Interchang. On December 30, 2003, however, petitioner filed his certificate of candidacy for the position of Senator. Respondent COMELEC issued Resolution No. 6520, which contained Section 32, the provision assailed herein. Petitioner asked the COMELEC that he be exempted from the application of Section 32. The COMELEC answered petitioner's request by ordering him to remove or cause the removal of the billboards, or to cover them from public view pending the approval of his request. He claims that said section in the nature of an ex post facto law. He urges this Court to believe that the assailed provision makes an individual criminally liable for an election offense for not removing such advertisement, even if at the time said advertisement was exhibited, the same was clearly legal. Issue (1): Whether or not the COMELEC has the power to require petitioner to discontinue the display of his billboards. YES Held: A close examination of the assailed provision reveals that its primary objectives are to prohibit premature campaigning and to level the playing field for candidates of public office, to equalize the situation between popular or rich candidates, on one hand, and lesser-known or poorer candidates, on the other, by preventing the former from enjoying undue advantage in exposure and publicity on account of their resources and popularity. The latter is a valid reason for the exercise of police power. Moreover, petitioner cannot claim that the subject billboards are purely product endorsements and do not announce nor solicit any support for his candidacy. Under the Omnibus Election Code, "election campaign" or "partisan political activity" is defined as an act designed to promote the election or defeat of a particular candidate or candidates to a public office. It is true that when petitioner entered into the contracts or agreements to endorse certain products, he acted as a private individual and had all the right to lend his name and image to these products. However, when he filed his certificate of candidacy for Senator, the billboards featuring his name and image assumed partisan political character because the same indirectly promoted his candidacy. Therefore, the COMELEC was acting well within its scope of powers when it required petitioner to discontinue the display of the subject billboards. Under the abovementioned Constitutional provision, the COMELEC is expressly authorized to supervise or regulate the enjoyment or utilization of all media communication or information to ensure equal opportunity, time, and space. All these are aimed at the holding of free, orderly, honest, peaceful, and credible elections. Issue (2): Whether or not Sec. 32 of COMELEC Res. 6520 in the nature of an ex post facto law. NO Held: Section 32, although not penal in nature, defines an offense and prescribes a penalty for said offense. Laws of this nature must operate prospectively, except when they are favorable to the accused. It should be noted, however, that the offense defined in the assailed provision is not the putting up of "propaganda materials such as posters, streamers, stickers or paintings on walls and other materials showing the picture, image or name of a person, and all advertisements on print, in radio or on television showing the image or mentioning the name of a person, who subsequent to the placement or display thereof becomes a candidate for public office." Nor does it prohibit or consider an offense the entering of contracts for such propaganda materials by an individual who subsequently becomes a candidate for public office. One definitely does not commit an offense by entering into a contract with private parties to use his name and image to endorse certain products prior to his becoming a candidate for public office. The offense, as expressly prescribed in the assailed provision, is the non-removal of the described propaganda materials three (3) days after the effectivity of COMELEC Resolution No. 6520. If the candidate for public office fails to remove such propaganda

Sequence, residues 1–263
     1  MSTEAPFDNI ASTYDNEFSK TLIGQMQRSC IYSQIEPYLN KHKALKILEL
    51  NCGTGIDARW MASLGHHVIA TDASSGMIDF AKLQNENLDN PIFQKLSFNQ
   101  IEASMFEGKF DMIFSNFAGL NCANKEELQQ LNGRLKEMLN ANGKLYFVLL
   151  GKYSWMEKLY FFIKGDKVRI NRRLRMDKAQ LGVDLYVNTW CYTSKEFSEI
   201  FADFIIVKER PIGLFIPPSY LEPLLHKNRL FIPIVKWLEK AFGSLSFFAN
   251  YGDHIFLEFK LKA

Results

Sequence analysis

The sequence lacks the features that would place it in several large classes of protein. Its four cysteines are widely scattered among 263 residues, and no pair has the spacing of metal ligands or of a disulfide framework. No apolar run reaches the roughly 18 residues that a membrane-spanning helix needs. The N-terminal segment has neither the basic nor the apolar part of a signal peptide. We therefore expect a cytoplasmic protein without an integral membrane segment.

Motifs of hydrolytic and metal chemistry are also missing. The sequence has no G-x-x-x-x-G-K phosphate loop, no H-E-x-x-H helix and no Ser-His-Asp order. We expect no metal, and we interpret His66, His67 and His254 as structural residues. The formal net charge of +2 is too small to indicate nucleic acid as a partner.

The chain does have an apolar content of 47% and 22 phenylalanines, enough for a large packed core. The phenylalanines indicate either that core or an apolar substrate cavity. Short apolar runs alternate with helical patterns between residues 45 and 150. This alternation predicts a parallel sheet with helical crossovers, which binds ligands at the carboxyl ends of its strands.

Conversely. saying that Section 80 of the Omnibus Election Code remains relevant and applicable despite Section 15 of Republic Act No. . even after the filing of his CoC. and has. therefore. And. Accordingly. Monica. Issue: Whether or not Penera should be disqualified for engaging in election campaign or partisan political activity outside the campaign period. thus. or if he has been elected. if he withdraws his CoC before the campaign period. 8436. such person already explicitly declares his intention to run as a candidate. from engaging in any election campaign or partisan political activity outside the campaign period (except that political parties may hold political conventions or meetings to nominate their official candidates within 30 days before the campaign period and 45 days for Presidential and Vice-Presidential election). he shall be liable under Section 80 of the Omnibus Election Code for premature campaigning. act/s constituting election campaign or partisan activity under Section 79(b) of the Omnibus Election Code (holding rallies or parades. Surigao del Norte. No. The COMELEC found that Penera and her partymates. It is possible to harmonize and reconcile these two provisions and. one of which trucks had a sound system that broadcast their intent to run in the 2007 elections. provides that “any unlawful act or omission applicable to a candidate shall take effect only upon the start of the campaign period. Said candidate may also face criminal prosecution for an election offense under Section 262 of the same Code. An express repeal may not be presumed.A. can his/her disqualification be sought for acts constituting premature campaigning. as amended. in violation of Section 80 of Batas Pambansa 881 (the Omnibus Election Code). to the voting public. 16 November 2006) that “(w)hat Section 80 of the Omnibus Election Code prohibits is ‘an election campaign or partisan political activity’ by a ‘candidate’ ‘outside’ of the campaign period. COMELEC Facts: The COMELEC disqualified petitioner Rosalinda A. can already be considered as the promotion of his election as a candidate. 9369. Thus. 8436. Holding: (A) The Supreme Court En Banc dismissed Penera’s Petition and affirmed her disqualification because: (1) Penera raised a question of fact. did not expressly repeal Section 80 of the Omnibus Election Code. (c) While a proviso in Section 15 of Republic Act No. Penera can hardly persuade the Court that the motorcade was spontaneous and unplanned. Penera. 8436. COMELEC Commissioner Rene V. and threw candies to the onlookers. constituting premature campaigning. or to make them more visible so as to facilitate the recognition and recollection of their names in the minds of the voters come election time.]’ x x The obvious purpose of the conduct of motorcades is to introduce the candidates and the positions. at the start of the campaign period. Indeed.). PENERA V. Accordingly. and even candies on hand. a candidate declared by final decision to have engaged in premature campaigning shall be disqualified from continuing as a candidate. and does not include a review of the tribunal’s evaluation of the evidence. for the purpose of soliciting votes and/or undertaking any campaign or propaganda for or against a candidate[. a person. who had been elected Mayor of Sta. There is.” Sarmiento posited that Section 15 of R. Monica. sufficiently established that “Penera and her partymates. under Section 68 of the Omnibus Election Code. 9369. including Penera’s own evidence and admissions. as amended by Republic Act No. a person is not yet officially considered a candidate before the start of the campaign period. He emphasized that under Section 15 of Republic Act 8436 (the law authorizing the COMELEC to use an automated election system for the process of voting. No. to wit: (a) Section 80 of the Omnibus Election Code prohibits “any person. 8436. waived their hands to the public. Penera (Penera) as a candidate for mayor of the Municipality of Sta. and the sole function of a writ of certiorari is to address issues of want of jurisdiction or grave abuse of discretion. to which they seek to be elected. as amended. falling squarely within the ambit of Section 79(b)(2) of the Omnibus Election Code.R. When confronted with apparently conflicting statutes. nowhere is it indicated in the assailed provision that it shall operate retroactively. give effect to both. which amended Republic Act No. She maintained that the motorcade was spontaneous and unplanned.A. effectively repealed Section 80 of the Omnibus Election Code. and Section 80 of the Omnibus Election Code. a candidate or a party. Monica and threw candies to onlookers. Thus. 9369. balloons. conducted a motorcade through Sta. has practically made it impossible to commit premature campaigning at any time. Only after said person officially becomes a candidate. on ‘[h]olding political caucuses. 8436. or other similar assemblies. making speeches. from holding the office. before the start of the campaign period. Thus. whether a voter. Thus. courts should endeavor to reconcile the same instead of declaring outright the invalidity of one as against the other. as amended by R. COMELEC (G. for which he may be disqualified.materials after the given period. after filing their Certificates of Candidacy. no ex post facto law in this case. counting of votes. The proclaimed Vice-Mayor was declared her rightful successor pursuant to Section 44 of the Local Government Code which provides that if the mayor fails to qualify or is removed from office. his intent turning into actuality. participated in a motorcade which passed through the different barangays of Sta. which he may have committed after filing his CoC and before the campaign period. as amended. Nonetheless. (2) There is no absolute and irreconcilable incompatibility between Section 15 of Republic Act No. which prohibits premature campaigning. and there can be no premature campaigning as there is no candidate to begin with. (B) The Supreme Court disagreed with COMELEC Commissioner Sarmiento. The Court gave the following reasons: (1) Republic Act No. Unmistakably. She argued that the evidence was grossly insufficient to warrant the COMELEC’s ruling.” this does not mean that the acts constituting premature campaigning can only be committed during the campaign period. the vice-mayor shall become the mayor. Penera could not be disqualified for premature campaigning because the motorcade took place outside the campaign period – when Penera was not yet a “candidate. 8436. after filing his/her COC but prior to his becoming a candidate (prior to the start of the campaign period). for unlawfully engaging in election campaign before the start of the campaign period for the 2007 Synchronized National and Local Elections. Implied repeals are disfavored. parades. The Supreme Court is not a trier of facts. Evidence presented to the COMELEC. meetings. after filing their COCs x x. Monica before the COMELEC rendered its decision. (b) It is true that under Section 15 of Republic Act No. thus. his act can no longer be viewed as for the promotion of his election. it is only after said person officially becomes a candidate. there can be no election campaign or partisan political activity because there is no candidate to speak of. upon the filing of his COC. the declaration in Lanot vs. can said acts be given effect as premature campaigning under Section 80 of the Omnibus Election Code. etc. absent a showing of repugnance clear and convincing in character. When the campaign period starts and he proceeds with his candidacy. and canvassing/consolidating the results of the national and local elections). Penera filed a Petition for Certiorari before the Supreme Court to nullify the disqualification. one is now considered a candidate only at the start of the campaign period. conferences.” With vehicles. 164858. premature campaigning may be committed even by a person who is not a candidate. and the supporters merely joined her and the other candidates.” Section 80 of the Omnibus Election Code prohibits any person. (2) The COMELEC did not gravely abuse its discretion. whether or not a voter or candidate” from engaging in election campaign or partisan political activity outside the campaign period. However. Sarmiento dissented. was disqualified from holding the said office. as amended. at the beginning of the campaign period. motorcades are undertaken for no other purpose than to promote the election of a particular candidate or candidates. “(T)he conduct of a motorcade is a form of election campaign or partisan political activity.” is erroneous. can already commit the acts described under Section 79(b) of the Omnibus Election Code as election campaign or partisan political activity. rallies. Nowhere in the said proviso was it stated that campaigning before the start of the campaign period is lawful. aboard trucks festooned with balloons and banners bearing their names and pictures and the municipal positions for which they were seeking election.